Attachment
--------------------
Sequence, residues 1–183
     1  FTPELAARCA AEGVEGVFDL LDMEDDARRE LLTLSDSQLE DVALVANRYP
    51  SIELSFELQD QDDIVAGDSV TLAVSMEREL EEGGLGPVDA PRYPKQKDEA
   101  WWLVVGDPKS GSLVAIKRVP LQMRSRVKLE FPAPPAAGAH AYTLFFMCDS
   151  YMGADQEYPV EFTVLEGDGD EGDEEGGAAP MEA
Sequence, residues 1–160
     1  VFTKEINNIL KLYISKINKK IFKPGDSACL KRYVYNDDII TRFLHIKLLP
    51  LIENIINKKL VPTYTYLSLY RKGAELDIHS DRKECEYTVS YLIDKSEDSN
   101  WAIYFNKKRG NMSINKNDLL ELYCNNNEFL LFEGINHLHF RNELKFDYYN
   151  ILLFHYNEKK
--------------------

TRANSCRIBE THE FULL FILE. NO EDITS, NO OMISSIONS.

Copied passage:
Sequence, residues 1–183
     1  FTPELAARCA AEGVEGVFDL LDMEDDARRE LLTLSDSQLE DVALVANRYP
    51  SIELSFELQD QDDIVAGDSV TLAVSMEREL EEGGLGPVDA PRYPKQKDEA
   101  WWLVVGDPKS GSLVAIKRVP LQMRSRVKLE FPAPPAAGAH AYTLFFMCDS
   151  YMGADQEYPV EFTVLEGDGD EGDEEGGAAP MEA
Sequence, residues 1–160
     1  VFTKEINNIL KLYISKINKK IFKPGDSACL KRYVYNDDII TRFLHIKLLP
    51  LIENIINKKL VPTYTYLSLY RKGAELDIHS DRKECEYTVS YLIDKSEDSN
   101  WAIYFNKKRG NMSINKNDLL ELYCNNNEFL LFEGINHLHF RNELKFDYYN
   151  ILLFHYNEKK